Du Printemps de Prague à la Révolution de velours

VARSOVIE – Que représentaient le Printemps de Prague ou, plus généralement, les événements de 1968 ? Avec le temps, il semblerait que leur signification ne soit pas moins discutable.

Ma génération a été forgée par les manifestations et les matraquages de la police, par les espoirs qu’ont fait naître le Printemps de Prague et le mouvement étudiant polonais de mars, par les événements de mai à Paris et par les prémices de la démocratie russe révélés dans les premiers livres de Sakharov et de Soljenitsyne. Pour ceux d’entre nous qui ont été emprisonnés en Pologne, le Printemps de Prague a été porteur d’espoir. Même les journaux communistes polonais, lus derrière les barreaux, véhiculaient les nouvelles de grands changements chez notre voisin du sud.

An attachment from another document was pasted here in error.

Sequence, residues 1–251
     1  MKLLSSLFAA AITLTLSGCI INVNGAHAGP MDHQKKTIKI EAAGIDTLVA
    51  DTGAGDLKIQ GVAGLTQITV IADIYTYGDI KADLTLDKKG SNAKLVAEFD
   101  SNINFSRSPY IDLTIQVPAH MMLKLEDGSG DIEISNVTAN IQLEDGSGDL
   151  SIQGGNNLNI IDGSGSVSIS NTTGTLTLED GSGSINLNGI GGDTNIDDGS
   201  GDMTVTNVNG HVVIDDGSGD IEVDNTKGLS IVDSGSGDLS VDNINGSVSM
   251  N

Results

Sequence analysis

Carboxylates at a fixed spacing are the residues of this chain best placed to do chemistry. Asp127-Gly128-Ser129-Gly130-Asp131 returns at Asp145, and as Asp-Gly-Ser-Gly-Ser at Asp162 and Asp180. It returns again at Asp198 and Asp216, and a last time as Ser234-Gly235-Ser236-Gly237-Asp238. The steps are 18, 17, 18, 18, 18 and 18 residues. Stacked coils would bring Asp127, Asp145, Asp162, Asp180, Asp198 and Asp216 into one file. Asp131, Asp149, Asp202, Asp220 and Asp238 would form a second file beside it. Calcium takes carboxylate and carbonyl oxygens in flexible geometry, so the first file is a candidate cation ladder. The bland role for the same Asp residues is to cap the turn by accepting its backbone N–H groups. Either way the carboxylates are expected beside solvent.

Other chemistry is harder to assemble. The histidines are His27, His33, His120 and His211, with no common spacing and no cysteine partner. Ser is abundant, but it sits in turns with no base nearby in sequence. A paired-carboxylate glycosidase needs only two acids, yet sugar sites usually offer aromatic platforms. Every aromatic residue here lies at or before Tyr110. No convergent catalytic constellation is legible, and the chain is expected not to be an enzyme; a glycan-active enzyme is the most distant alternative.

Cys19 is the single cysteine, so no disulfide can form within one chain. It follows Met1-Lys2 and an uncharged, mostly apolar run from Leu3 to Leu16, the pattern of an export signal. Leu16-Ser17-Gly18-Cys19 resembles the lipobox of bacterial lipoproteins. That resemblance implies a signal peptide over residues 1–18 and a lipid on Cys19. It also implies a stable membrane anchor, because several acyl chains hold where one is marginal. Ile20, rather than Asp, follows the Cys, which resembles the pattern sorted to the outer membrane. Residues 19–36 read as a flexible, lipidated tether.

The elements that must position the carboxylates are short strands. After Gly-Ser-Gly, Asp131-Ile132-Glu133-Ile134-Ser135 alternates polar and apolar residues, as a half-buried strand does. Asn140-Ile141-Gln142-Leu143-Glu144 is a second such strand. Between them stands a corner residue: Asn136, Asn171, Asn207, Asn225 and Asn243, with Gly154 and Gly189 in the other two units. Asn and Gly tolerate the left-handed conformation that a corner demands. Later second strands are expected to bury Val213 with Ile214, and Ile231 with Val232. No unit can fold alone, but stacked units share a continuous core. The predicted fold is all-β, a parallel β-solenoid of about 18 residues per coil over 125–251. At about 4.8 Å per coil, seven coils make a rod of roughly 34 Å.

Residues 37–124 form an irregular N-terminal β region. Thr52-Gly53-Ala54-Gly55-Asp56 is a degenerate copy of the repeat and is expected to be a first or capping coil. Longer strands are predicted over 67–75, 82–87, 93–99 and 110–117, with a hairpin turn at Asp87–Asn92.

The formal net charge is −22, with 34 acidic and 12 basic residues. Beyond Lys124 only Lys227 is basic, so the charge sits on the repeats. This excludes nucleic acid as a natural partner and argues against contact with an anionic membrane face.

Je me souviens donc du choc en apprenant que les soviétiques avaient envahi la Tchécoslovaquie en août et du traumatisme qui a persisté longtemps après. Pour commémorer le dixième anniversaire de cette invasion, Václav Havel, Jacek Kuron et moi-même, avec d’autres dissidents, nous sommes retrouvés à la frontière tchéco-polonaise. Une photo a été prise de ce rassemblement de futurs présidents, ministres et députés alors poursuivis par la police comme de simples criminels.

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